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No real solutions to fix issues. Getting called in early for meetings always erked me. Not because I’m opposed to meeting and talking about what to expect but because I’m not here for the fake pep rally. Generally, you just wasted my time because the meeting didn’t address real issues or provide any solutions. We’re just meeting for the sake of saying we did.


No communication skills. I am not your child. Do not speak to me as such. I’ve watched as employees (other than myself because they knew better than to try it) got berated and “talked down to” by managers, owners, or other staff. “Everyone here can be replaced.” There’s no quicker way to get me out the door than hearing that. If you think just because you’re paying someone that you’re doing them a favor instead understanding it’s a mutual relationship then you’re in for one wild turnover roller-coaster ride baby.


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Personally, when there is mutual respect with the people I work for there is almost nothing they can’t ask me for that I won’t trip over myself to make happen for them. I do this because they’ve proven that they’d do the same and more importantly, I’m valued. So, you need a kidney sir? I GOT YOU!

Often immediate managers or bosses deal with their share of these things, so they could care less about your complaint OR they’re so far removed from this with their set schedules, weekends off, and higher pay that it really is no concern of theirs whether you feel valued or not because they’ve been shown that they are.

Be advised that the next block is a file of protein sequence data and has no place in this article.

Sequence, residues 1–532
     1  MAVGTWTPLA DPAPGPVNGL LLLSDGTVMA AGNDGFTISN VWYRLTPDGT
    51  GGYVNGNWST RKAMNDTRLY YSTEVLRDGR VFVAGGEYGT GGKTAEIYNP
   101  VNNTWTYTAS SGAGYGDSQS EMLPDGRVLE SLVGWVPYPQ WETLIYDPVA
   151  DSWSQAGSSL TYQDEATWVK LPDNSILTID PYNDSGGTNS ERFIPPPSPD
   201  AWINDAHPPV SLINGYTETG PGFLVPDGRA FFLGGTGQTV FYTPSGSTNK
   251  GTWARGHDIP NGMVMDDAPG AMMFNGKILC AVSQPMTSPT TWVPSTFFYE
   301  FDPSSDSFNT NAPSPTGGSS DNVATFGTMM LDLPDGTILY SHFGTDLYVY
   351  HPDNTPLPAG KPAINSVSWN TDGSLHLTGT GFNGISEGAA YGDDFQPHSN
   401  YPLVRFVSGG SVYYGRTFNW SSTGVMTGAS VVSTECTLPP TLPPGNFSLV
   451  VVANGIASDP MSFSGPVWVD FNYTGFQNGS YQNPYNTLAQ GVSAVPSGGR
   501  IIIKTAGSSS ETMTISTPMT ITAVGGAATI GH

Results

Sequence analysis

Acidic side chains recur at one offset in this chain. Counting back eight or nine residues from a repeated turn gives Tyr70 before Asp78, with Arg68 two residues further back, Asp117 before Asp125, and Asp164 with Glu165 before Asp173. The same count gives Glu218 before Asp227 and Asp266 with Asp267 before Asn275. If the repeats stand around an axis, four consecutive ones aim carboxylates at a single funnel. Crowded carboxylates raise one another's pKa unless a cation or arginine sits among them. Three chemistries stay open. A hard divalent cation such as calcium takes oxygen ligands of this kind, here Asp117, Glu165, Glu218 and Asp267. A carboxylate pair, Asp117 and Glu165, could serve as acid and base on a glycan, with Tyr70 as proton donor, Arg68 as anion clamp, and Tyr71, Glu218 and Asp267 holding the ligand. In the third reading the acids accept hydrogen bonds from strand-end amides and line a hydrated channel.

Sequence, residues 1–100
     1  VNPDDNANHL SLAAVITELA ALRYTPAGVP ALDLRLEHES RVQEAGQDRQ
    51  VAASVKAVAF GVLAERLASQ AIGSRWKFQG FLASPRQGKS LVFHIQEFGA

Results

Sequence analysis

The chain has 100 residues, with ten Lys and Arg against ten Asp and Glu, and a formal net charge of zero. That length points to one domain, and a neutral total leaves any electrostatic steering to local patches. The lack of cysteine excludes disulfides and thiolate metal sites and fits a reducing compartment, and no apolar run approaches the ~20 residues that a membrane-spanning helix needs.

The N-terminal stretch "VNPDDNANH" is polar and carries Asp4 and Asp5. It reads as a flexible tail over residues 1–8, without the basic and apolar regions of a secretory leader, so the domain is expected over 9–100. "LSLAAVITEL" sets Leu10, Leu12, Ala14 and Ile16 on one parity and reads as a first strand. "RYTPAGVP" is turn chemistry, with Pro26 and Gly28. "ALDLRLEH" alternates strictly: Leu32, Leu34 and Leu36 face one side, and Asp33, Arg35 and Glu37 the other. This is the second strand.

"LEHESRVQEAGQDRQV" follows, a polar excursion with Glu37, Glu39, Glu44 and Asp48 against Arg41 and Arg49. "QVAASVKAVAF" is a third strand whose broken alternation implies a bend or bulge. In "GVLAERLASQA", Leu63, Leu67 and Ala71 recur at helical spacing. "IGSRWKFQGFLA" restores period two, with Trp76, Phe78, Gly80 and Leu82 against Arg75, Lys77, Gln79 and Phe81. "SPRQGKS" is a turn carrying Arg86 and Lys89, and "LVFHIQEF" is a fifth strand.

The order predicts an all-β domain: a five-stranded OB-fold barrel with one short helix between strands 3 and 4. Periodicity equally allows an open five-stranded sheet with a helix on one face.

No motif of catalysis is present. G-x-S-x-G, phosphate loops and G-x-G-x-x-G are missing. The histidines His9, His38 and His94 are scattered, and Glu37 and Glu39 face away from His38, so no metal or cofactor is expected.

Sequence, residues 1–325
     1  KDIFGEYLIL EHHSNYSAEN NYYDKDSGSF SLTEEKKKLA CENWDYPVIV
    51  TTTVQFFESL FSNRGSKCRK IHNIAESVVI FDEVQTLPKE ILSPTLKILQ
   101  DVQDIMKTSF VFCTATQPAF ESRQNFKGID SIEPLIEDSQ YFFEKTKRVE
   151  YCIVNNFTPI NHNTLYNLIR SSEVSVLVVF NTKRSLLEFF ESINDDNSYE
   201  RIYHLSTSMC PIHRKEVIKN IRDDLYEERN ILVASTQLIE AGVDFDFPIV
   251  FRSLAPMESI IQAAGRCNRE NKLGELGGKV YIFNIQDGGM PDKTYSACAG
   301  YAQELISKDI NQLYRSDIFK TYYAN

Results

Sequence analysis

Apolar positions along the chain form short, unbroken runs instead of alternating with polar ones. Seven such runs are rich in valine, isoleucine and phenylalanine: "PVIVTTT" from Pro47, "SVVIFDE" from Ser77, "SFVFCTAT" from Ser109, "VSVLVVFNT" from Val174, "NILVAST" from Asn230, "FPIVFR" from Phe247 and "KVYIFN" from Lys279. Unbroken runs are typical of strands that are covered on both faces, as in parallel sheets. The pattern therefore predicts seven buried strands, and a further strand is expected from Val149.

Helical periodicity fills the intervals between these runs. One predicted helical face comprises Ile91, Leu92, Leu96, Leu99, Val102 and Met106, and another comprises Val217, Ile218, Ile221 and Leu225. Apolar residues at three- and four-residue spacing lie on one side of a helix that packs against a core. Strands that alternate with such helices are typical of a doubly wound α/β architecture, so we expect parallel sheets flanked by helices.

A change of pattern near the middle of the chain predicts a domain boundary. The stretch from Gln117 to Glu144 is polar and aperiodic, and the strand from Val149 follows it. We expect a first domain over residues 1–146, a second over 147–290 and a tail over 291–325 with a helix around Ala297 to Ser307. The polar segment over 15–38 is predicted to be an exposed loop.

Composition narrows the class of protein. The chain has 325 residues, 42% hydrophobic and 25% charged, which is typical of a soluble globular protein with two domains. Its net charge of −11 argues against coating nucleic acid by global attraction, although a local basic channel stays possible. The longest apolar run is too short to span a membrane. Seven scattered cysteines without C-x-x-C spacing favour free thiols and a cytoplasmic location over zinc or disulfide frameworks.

It’s up to workers to know their own value. Once they come to this realization many leave. Those blessed enough to have savings or fall back support would rather deal with no job at all than to deal with some of these incompatible, hectic, and unimpressive conditions. Those not so lucky are explained in the book Hand to Mouth: Living in Bootstrap America  which is one woman’s take on the poverty situation in capitalistic America. The book is truly amazing in so many ways in explaining the plight of those unfortunate enough to be low income or impoverished working in America. It was partly an inspiration for this post.Hand_to_Mouth_-_Living_in_Bootstrap_America_(book_cover)




The real inspiration, however, was for the young adult reading this wondering whether to leave their current crappy job. I can’t answer that for you.  I was that young adult a year ago. I went from one stifling job to the next. This process is referred to as millennial job hopping as mentioned in one of my earlier posts